Dr Vaessa K Wong, PhD, Stephen Baker, PhD, Derek Pickard, PhD, Andrew J Page, PhD, Nicholas A Feasey, PhD, Prof Gordon Dougan, PhD, Prof Kathryn E Holt, PhD
Background: Multidrug-resistant typhoid is a global health problem. Previous studies conducted in countries of Asia and Africa have identified a highly clonal, multidrug-resistant lineage of Salmonella enterica serovar Typhi (S Typhi), known as H58. However, little is known about the emergence and geographical spread of the H58 clade. In this study, we have used whole-genome sequencing of a global collection of S Typhi to investigate this highly successful lineage.
Methods: We sequenced the whole-genome sequences of 1832 strains of S Typhi isolated between 1905 and 2013 (HiSeq platform, Illumina, San Diego, CA, USA). The isolates originated from 63 countries in six continents (Asia, Africa, North America, South America, Europe, and Oceania). The genomes of all 1832 S Typhi were mapped to the reference strain CT18 from Vietnam, and all single nucleotide changes were extracted and used to generate a maximum likelihood phylogeny of the whole collection. Transmission routes were also investigated with Bayesian analysis. The genomes were interrogated for the presence of plasmids and antimicrobial resistance genes. Long-read sequencing (PacBio platform, Pacific Biosciences, Menlo Park, CA, USA) was used to confirm the chromosomal location of resistance genes in representative isolates.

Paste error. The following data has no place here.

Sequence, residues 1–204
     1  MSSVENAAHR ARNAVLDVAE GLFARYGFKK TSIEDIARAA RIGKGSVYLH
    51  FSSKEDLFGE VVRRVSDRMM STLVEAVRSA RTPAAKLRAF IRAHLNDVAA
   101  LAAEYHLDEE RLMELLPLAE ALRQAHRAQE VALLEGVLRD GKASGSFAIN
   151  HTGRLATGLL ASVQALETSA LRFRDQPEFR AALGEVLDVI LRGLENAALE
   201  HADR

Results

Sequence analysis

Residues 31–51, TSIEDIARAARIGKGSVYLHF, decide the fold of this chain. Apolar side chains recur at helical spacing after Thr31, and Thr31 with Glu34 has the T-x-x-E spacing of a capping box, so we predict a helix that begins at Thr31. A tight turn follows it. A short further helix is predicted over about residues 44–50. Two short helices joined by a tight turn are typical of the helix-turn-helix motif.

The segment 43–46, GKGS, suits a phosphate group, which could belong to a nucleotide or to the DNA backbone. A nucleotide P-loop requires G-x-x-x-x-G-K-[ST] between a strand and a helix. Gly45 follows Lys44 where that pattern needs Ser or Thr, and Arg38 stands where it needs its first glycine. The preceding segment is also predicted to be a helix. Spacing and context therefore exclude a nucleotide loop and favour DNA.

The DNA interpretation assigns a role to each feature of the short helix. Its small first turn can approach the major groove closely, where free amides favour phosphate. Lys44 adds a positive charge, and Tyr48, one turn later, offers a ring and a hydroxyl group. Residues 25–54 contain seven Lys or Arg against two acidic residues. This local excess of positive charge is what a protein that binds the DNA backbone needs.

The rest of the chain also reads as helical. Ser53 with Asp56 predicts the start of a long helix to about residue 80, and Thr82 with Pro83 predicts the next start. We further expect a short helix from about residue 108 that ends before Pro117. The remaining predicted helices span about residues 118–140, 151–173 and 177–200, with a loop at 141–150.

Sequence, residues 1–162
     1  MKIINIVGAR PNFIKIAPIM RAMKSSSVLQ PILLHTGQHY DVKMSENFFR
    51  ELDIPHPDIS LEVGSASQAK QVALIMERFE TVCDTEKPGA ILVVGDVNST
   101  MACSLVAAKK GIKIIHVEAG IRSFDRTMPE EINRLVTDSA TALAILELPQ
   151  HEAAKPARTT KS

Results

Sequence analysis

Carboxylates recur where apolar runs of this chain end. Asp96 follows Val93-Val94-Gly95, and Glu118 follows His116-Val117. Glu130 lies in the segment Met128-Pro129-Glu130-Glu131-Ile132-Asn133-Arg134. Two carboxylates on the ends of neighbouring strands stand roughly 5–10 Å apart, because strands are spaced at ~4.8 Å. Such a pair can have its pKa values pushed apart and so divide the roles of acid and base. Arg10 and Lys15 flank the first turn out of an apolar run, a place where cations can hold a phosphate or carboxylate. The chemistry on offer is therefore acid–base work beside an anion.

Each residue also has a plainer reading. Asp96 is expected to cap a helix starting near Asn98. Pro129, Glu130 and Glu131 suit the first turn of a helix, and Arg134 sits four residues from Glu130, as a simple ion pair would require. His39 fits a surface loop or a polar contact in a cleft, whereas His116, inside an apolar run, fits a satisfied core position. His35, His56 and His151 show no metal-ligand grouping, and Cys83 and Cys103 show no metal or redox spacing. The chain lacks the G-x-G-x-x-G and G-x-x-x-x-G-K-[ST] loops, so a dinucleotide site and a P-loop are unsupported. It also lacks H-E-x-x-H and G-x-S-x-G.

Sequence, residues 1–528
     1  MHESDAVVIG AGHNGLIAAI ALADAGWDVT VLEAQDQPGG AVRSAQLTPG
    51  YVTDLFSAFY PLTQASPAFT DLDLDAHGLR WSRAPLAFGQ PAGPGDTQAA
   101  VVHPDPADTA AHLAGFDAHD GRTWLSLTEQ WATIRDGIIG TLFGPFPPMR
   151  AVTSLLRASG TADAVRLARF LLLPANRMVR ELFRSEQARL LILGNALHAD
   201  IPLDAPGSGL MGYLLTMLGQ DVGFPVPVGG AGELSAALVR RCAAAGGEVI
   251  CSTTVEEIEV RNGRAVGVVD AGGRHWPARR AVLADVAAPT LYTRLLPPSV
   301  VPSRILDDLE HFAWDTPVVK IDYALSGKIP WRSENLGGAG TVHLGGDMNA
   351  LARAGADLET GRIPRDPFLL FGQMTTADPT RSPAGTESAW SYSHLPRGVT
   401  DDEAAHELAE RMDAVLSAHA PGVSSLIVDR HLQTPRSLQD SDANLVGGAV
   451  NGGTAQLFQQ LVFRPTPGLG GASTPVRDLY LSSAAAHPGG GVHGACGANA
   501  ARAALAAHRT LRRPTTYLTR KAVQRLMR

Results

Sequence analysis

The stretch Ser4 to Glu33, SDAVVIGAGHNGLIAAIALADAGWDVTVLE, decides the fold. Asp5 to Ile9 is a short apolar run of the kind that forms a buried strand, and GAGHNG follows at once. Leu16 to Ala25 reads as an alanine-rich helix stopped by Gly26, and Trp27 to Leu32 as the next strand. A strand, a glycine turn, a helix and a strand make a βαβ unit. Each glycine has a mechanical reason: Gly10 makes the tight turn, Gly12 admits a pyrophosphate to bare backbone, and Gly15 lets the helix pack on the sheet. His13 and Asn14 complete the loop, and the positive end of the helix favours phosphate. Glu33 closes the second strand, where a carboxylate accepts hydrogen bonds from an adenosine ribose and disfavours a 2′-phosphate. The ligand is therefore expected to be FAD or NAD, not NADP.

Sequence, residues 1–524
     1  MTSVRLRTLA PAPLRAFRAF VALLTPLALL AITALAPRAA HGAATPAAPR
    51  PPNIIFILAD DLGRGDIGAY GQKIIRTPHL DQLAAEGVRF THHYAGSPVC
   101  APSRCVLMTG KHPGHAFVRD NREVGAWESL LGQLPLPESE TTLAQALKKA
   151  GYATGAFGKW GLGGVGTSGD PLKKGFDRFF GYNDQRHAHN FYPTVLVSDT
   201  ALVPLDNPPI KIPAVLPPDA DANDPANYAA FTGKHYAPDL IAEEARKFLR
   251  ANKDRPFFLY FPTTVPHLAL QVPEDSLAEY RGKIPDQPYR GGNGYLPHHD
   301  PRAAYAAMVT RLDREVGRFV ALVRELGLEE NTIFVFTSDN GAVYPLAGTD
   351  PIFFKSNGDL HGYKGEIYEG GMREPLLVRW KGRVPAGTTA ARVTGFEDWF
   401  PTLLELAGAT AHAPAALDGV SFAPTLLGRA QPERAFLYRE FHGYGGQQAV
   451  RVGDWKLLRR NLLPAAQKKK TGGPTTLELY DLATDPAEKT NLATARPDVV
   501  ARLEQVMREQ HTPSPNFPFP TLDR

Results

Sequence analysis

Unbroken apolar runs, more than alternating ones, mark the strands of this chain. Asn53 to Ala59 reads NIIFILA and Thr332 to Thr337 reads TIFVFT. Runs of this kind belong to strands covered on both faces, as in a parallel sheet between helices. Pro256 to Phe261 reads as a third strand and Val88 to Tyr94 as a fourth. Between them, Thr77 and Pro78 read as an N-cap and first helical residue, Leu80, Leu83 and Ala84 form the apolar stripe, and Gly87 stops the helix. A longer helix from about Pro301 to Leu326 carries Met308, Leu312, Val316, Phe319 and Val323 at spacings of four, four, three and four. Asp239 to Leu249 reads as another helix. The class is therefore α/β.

Findings: Phylogenetic reconstruction showed that the multidrug-resistant lineage H58 emerged approximately 30 years ago and has undergone clonal expansion resulting in a widespread global distribution, involving at least 20 countries across Asia, Africa, and Oceania. The analyses showed numerous transmission pathways by which S Typhi H58 is disseminating to many locations worldwide: our data provide evidence that a multidrug-resistant typhoid epidemic is moving across Eastern and Southern Africa. Comparative genomic analysis revealed that the H58 lineage has a distinct genetic profile. Furthermore, isolates from this lineage frequently carried a composite transposable element encoding multiple antimicrobial resistance determinants, which was found either in IncHI1 plasmids or integrated within the chromosome.
Interpretation: Our study highlights the urgent need for routine surveillance to detect epidemics and monitor fluctuations in the population structure of S Typhi. These data will facilitate public health measures, such as the effective use of antimicrobial agents and the introduction of vaccine programmes, and in doing so will help to address the significant burden of disease caused by typhoid.
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